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Vox: Biden’s biggest anti-poverty plan is now a reality. Here’s how he can make it even better.

By Dylan Matthews

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Washington, D.C., July 15, 2021 | comments

Thursday, July 15, 2021, could wind up being one of the most important days in the history of American anti-poverty policy.

On this day, most parents in the United States began receiving monthly checks of up to $300 per child — no strings attached.

What’s technically happening: The child tax credit (CTC), a policy that has existed in some form since 1997, was expanded with the enactment of President Joe Biden’s American Rescue Plan, both in its size (going from $2,000 per child per year to $3,000 for children ages 6 through 17, and $3,600 for children under 6) and in its reach.

But calling this a “tax credit expansion” makes it seem less momentous than it is. It’s really a one-year test of an idea known as a child allowance, a policy that has been adopted in most rich countries besides the United States.

We know from the experiences of peer countries from Great Britain to Spain to Germany to Canada that child allowances can slash child poverty dramatically, and, as a consequence of reducing poverty, improve child health, increase parents’ time with their kids, and perhaps even raise incomes and extend life spans down the road for children who benefited.

The key to this policy’s success is that all poor families are eligible. Before this year, many poor children were deliberately excluded from the CTC on the theory that doing so would encourage their parents to work. Biden, as part of his stimulus plan and at the urging of poverty and child welfare advocates, signed into law an expansion to all poor families for tax year 2021...

The next step for policymakers: Making the child allowance permanent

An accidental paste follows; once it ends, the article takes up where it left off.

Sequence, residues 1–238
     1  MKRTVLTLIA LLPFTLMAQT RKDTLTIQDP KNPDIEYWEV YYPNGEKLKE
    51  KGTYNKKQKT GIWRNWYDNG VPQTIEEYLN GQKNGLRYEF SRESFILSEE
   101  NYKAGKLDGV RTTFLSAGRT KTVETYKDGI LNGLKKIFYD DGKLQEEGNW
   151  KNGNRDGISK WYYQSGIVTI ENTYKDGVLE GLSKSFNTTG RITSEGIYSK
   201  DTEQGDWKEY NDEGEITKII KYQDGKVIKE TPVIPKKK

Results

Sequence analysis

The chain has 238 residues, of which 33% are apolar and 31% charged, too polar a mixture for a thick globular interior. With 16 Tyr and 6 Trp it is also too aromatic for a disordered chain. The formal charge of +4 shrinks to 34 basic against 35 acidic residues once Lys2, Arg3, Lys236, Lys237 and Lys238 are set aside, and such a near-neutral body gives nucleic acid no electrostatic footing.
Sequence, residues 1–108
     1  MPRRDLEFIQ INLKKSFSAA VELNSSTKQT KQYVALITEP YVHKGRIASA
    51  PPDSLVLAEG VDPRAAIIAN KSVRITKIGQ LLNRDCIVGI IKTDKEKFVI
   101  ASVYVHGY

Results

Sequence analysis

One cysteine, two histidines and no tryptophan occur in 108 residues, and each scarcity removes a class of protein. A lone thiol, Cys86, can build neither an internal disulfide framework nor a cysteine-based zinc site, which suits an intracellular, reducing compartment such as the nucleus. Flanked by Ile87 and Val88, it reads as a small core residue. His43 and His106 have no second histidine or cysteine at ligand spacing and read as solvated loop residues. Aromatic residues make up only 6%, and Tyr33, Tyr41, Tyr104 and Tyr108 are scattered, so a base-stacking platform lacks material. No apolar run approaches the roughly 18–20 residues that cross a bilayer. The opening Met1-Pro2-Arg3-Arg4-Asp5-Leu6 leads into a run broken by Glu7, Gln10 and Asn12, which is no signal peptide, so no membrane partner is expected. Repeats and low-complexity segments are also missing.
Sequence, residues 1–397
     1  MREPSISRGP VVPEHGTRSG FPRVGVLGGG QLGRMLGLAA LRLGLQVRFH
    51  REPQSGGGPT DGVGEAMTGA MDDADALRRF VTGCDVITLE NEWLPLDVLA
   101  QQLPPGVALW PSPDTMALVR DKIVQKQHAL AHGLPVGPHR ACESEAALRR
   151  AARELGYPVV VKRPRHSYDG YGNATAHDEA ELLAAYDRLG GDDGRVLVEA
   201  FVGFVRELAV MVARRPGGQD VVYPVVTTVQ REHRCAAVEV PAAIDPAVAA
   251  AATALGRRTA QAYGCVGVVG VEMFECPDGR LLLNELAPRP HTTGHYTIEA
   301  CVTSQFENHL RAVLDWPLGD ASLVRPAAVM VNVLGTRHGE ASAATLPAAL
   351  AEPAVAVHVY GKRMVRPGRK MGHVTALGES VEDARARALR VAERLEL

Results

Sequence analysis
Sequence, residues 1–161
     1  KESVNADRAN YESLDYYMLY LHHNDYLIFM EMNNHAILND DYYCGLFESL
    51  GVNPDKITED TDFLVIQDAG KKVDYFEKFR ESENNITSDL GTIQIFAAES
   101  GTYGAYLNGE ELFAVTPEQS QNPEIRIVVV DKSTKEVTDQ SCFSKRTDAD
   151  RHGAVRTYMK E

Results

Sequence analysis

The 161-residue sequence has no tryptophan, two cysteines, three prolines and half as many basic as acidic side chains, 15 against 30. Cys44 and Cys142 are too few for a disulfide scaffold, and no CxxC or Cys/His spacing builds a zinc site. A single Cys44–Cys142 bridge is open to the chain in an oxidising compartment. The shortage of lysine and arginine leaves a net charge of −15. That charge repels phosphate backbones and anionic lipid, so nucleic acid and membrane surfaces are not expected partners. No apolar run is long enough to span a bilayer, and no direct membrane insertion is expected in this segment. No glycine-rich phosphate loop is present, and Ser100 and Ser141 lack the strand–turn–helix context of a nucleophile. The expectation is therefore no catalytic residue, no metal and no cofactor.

Even more important over the long run than reaching the poorest households is making sure the child tax credit does not expire after a year.

The Biden CTC expansion is modeled after a bill embraced by most Democratic members of the House and Senate in 2019 known as the American Family Act. That act would have expanded the CTC to the same amounts as Biden ($3,000 per year for kids ages 6 to 17, $3,600 per year for under 6), made the credit available to people with no income (known as making it “fully refundable”), and paid it out monthly. All of that is in Biden’s plan.

But the AFA was a permanent policy, whereas Biden only implemented these improvements for one year.

Members of Congress behind the AFA are pushing hard to make these increases permanent as soon as possible. In a statement in April, its champions in the Senate (Michael Bennet (D-CO), Sherrod Brown (D-OH), and Cory Booker (D-NJ)) and the House (Rosa DeLauro (D-CT), Suzan DelBene (D-WA), and Ritchie Torres (D-NY)) declared, “Expansion of the Child Tax Credit is the most significant policy to come out of Washington in generations, and Congress has an historic opportunity to provide a lifeline to the middle class and to cut child poverty in half on a permanent basis. … Permanent expansion of the CTC will continue to be our priority.”

Bennet has said he will “fight like hell” for a permanent extension, and Senate Finance Chair Ron Wyden (D-OR) and House Ways and Means Chair Richard Neal (D-MA) are on board to make the policy permanent.

The Biden administration’s position has been subtler. Expanding the child tax credit costs money, and to make it permanent under Senate budget reconciliation rules (which enable passage with just 50 Democrats, rather than requiring 10 Republicans to get on board to break a filibuster), it needs to be offset with tax hikes or spending cuts elsewhere in the budget.



Click here to read the full article on Vox. 
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